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Ask the expert
Concomitant disorders

Why study sleep in relation to ADHD?

Several human functions are strongly affected by insufficient sleep and include executive functions, self regulation and arousal. These are also the key domains of dysfunction in children with ADHD.
Clinicians have reported sleep problems in an estimated 25-50% of children with ADHD, and studies have indicated that sleep disruption is associated with externalization, hyperactivity and inattention. Sleep difficulties in children with ADHD may increase daytime symptoms and present a considerable challenge for clinicians attempting to develop effective ADHD treatment strategies.

A better understanding of this issue is needed in order to develop new sleep-based therapeutic strategies for ADHD.

Is there a link between ADD and panic disorder?

Anxiety disorders are more frequent in individuals with ADHD than in the general population.

Ridha Joober, MD, PhD. and Natalie Grizenko, MD, 2008

Can ADHD symptoms be mistaken for autism or PDD?

Symptoms of ADHD are often observed in children suffering from pervasive developmental disorder (PDD).

Ridha Joober, MD, PhD. and Natalie Grizenko, MD, 2008

Can attention deficit disorder appear with symptoms of confabulation?

Yes, ADD can be concomitant with confabulation.
Ridha Joober, MD, PhD. and Natalie Grizenko, MD, 2008

Should people who are suspected of having ADHD and who are depressed be treated more for ADHD?

That depends. If the depression is major, I would start by treating the depression and see what happens. On the other hand, if the depression is not severe, the signs clearly indicate ADHD, and the depression is a reaction to life's ups and downs, I sometimes start by treating the ADHD. I use my clinical judgement in each case.
-Ridha Joober, MD, PhD, Mini-Psych School 2010

Can an eight-year-old child with unmedicated ADHD have problems with insomnia?

Yes. In fact, difficulties falling asleep are often observed in children with ADHD. I have also seen some cases of advanced sleep phase syndrome or delayed sleep phase syndrome. Advanced sleep phase syndrome is when people tend to go to sleep very early and wake up very early. Although a rare condition, it does impair attention levels, because if children wake up at 5:00 a.m., they will of course be very tired by 10:00 a.m., which can lead people to think that the child has attention deficit disorder. Delayed sleep phase syndrome, which is much more frequent, produces the opposite effect. People tend to go to sleep very late and wake up very late. If children go to bed late, they still have to wake up early for the beginning of classes and will be tired.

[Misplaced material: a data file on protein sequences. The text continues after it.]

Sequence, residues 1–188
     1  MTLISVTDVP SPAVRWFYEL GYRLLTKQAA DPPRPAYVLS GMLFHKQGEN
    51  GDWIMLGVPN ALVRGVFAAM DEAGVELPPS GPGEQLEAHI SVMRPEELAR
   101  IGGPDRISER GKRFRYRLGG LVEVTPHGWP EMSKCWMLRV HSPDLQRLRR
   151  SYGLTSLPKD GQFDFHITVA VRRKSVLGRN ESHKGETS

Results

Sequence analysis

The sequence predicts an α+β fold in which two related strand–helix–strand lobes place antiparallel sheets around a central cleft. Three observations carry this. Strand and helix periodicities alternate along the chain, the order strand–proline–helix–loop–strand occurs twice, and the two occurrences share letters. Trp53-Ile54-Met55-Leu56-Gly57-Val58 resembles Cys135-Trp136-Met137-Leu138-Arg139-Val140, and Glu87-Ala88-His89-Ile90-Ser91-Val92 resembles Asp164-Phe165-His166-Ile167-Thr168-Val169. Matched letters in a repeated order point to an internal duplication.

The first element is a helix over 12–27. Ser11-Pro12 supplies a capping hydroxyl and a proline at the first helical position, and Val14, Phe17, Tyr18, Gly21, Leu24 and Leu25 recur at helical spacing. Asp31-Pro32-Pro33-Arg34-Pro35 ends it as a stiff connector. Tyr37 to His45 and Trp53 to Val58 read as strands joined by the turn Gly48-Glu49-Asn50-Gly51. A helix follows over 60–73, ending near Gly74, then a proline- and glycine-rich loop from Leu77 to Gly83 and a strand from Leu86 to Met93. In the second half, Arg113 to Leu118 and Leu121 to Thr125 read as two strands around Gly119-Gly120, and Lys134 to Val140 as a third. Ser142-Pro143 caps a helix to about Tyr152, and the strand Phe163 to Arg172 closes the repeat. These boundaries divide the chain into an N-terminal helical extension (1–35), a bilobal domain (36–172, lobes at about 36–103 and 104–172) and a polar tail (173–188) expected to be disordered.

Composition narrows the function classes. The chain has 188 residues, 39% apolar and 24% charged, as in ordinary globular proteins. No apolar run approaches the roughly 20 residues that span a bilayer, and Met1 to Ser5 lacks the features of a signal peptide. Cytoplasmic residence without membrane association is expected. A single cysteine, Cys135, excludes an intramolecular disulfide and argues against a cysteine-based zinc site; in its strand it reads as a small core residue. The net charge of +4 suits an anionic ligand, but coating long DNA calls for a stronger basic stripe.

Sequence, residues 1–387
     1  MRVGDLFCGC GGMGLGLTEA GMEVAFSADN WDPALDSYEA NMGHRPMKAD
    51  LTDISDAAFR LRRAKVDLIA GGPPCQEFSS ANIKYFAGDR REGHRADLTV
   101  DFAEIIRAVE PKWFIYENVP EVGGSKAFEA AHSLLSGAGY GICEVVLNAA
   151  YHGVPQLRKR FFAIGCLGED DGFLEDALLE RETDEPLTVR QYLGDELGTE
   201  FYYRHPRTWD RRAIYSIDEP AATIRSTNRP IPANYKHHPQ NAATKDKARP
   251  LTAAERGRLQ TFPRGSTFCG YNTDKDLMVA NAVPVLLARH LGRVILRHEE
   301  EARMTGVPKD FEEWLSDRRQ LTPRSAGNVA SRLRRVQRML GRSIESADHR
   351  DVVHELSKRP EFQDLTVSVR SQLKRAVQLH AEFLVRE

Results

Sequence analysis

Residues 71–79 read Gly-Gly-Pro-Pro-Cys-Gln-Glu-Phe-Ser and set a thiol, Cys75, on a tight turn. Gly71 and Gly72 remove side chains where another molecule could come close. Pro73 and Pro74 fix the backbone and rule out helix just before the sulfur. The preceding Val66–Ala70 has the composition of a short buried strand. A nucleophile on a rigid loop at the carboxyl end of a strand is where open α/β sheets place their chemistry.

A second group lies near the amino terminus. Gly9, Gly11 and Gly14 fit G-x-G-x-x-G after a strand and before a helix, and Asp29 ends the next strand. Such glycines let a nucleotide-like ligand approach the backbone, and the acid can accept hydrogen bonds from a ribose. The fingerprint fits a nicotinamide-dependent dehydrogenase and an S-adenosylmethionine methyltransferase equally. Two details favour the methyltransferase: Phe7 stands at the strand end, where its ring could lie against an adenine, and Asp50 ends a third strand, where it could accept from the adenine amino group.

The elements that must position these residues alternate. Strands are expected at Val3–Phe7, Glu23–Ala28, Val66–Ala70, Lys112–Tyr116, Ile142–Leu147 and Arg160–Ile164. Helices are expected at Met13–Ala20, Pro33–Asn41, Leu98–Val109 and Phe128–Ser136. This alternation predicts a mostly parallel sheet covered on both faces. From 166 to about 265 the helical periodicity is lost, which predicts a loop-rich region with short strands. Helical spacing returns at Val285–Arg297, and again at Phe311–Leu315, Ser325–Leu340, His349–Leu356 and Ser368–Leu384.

-Ridha Joober, MD, PhD, Mini-Psych School 2010

At what age does the relationship between ADHD and borderline personality disorder appear?

Not a lot of attention has been paid to this question, and few studies have been carried out in this area. A number of symptoms of borderline personality disorder and attention deficit disorder are similar, such as impulsiveness and instability. Although I don't have scientific arguments to prove this, I believe that a large number of people with borderline personalities also suffer from attention deficit disorder. Psychosis is also commonly associated with ADHD. For example, among the youth in our clinic who suffer from a psychotic disorder, we determined that up to 25% of them have an attention deficit disorder. I think that this problem is widely underestimated and should be examined more closely.
-Ridha Joober, MD, PhD, Mini-Psych School 2010

Are autism and ADHD related?

They are not related, but a good proportion of people with autism have a clinical profile of ADHD. Autistic children can also have comorbid ADHD, which occurs in probably 30% of cases. Another condition that is also highly comorbid with ADHD is Tourette syndrome (the tic disorder), as 60% of these patients will also have ADHD.
-Ridha Joober, MD, PhD, Mini-Psych School 2010

Is there a link between ADHD in childhood and psychosis later in life?

The epidemiologic link between the two is probably not very obvious. What we know is that the pathways of ADHD can lead to psychotic disorders, which is a subject that requires further research. For example, we know that people with ADHD are at a high risk of using drugs and dropping out of school. People with this condition don’t always have the healthiest lifestyles. There are also pathways that can lead to psychosis. Although this question has not been on the radar of researchers for a long time, we have started looking at it in our own programs, such as the PEPP. We find that about 25% of young people who experience psychotic disorders have either diagnosed ADHD or a large number of similar symptoms even if they are not diagnosed. At least in the first episode, we see quite a bit and probably a higher proportion of ADHD than in the general population. What complicates things is that people with ADHD can forget to take their medication and tend to “rebel” against medication, which can make things worse. I think we have to be very attentive to this potential issue, particularly during the first episode.
- Ridha Joober, MD, PhD, Mini-Psych School 2012

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